If some of the planets discovered outside the solar system harbor advanced civilizations, could their inhabitants discover the existence of our planet? A new scientific study confirms that about a thousand exoplanets from which it is possible to locate the Earth and discover the existence of life on its surface.
According to a new study published by researchers from Lehigh University and Cornell University in the United States in the monthly bulletin of the Royal Astronomical Society (MNRAS) on October 20, there are more than a thousand star systems that civilizations outside the planet could exist – if they existed. – To watch us from them.
These stellar systems our planet is in direct line of sight, and they are close enough to us that they can not only locate the planet, but may also be able to discover the chemical effects of life on it.
A transit reveals the Earth :
Since the discovery of the first exoplanet in 1992, astrophysicists have observed 4,292 planets outside our solar system orbiting 3,185 stars.
In most of these discoveries, scientists have used the transit method, which relies on recording changes in the host star’s light when a planet passes in front of it.
The James Webb Space Telescope – scheduled to be launched in the next few years – will also have the ability to study many of these planets in more detail, and to discover the presence of gases that represent a sign of the presence of life such as methane or oxygen gas in their atmosphere.
However, this transit method is only effective for planets whose orbits are located between the host stars and the Earth.
In the new study, the researchers reflected their views, wondering: Which nearby exoplanets could – if any – inhabitants see the Earth passing in front of the sun? And could the inhabitants of those stellar systems be able to detect signs of our presence on Earth?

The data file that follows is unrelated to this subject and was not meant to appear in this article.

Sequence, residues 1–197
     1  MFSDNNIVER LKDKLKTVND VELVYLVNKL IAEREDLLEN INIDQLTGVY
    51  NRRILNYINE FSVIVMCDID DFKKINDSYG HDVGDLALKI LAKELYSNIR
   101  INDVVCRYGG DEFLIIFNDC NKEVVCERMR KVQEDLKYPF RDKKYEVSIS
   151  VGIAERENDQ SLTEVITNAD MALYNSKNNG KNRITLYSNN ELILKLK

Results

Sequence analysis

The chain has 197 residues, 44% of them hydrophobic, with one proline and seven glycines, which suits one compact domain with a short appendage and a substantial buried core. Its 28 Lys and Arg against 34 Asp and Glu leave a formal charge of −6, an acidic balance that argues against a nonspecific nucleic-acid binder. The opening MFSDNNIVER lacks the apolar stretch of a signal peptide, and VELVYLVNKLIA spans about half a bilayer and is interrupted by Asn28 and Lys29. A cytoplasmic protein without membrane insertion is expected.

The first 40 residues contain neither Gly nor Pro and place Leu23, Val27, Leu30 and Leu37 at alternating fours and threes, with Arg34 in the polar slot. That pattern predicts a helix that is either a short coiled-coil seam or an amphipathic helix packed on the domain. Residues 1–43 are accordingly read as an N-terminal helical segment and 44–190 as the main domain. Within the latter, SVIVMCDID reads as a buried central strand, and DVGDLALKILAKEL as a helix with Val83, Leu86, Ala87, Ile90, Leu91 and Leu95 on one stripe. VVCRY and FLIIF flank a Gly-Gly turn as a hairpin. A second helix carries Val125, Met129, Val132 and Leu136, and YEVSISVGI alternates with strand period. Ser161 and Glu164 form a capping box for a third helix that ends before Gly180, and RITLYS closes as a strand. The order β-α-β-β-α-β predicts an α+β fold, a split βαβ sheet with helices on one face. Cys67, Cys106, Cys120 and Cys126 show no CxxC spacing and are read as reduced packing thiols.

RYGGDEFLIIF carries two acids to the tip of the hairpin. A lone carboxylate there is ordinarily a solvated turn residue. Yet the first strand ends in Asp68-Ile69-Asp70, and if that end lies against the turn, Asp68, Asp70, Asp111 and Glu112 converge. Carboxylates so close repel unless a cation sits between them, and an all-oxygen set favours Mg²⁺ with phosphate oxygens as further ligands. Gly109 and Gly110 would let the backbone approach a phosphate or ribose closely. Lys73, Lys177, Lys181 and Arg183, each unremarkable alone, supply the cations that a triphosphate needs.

More than a thousand planets
According to a statement published on the Cornell University website about the results of the study, the researchers say that there are 1004 planets located less than 326 light-years from Earth, and their location allows the Earth to be monitored using the transit method.
Among these objects, there are 508 planets that have viewing angles that give them at least 10 hours of observational data every time the Earth passes between it and the sun, which are ideal conditions for discovering this small rocky planet and signs of life in its atmosphere if the inhabitants of these distant planets had A telescope similar to James Webb.
The researchers say that about 5% of the stars around which these planets are orbiting are probably too young to provide an opportunity for intelligent life to develop on their satellites even if they have the right conditions for the emergence of some form of life.
But the remaining 95% of them belong to the classes of stars that could embrace life for billions of years if the appropriate conditions were provided.
The authors of the study indicate that most of these stars are at the extreme end of the range of 326 light-years, because the region in which the Earth’s transit observation is getting smaller the closer we get to our solar system, but the nearest star in the list is only 28 light-years away.
There are many other stars nearby that are about to enter the region that will allow seeing Earth in the next few centuries, some of them bright enough in the sky that they can be seen from Earth.
The list includes a group of planets orbiting a red dwarf called Teegarden’s star, which is located only 12 light years away, and although it does not currently have a suitable viewing angle to determine the location of the Earth, with the speed of that group of planets in motion, it will enter the area that enables it to observe Earth as early as 2044.
In the next step of their work, the researchers will seek to focus their search for intelligent life on the 1,004 planets identified in the study using communication discovery programs from advanced alien civilizations.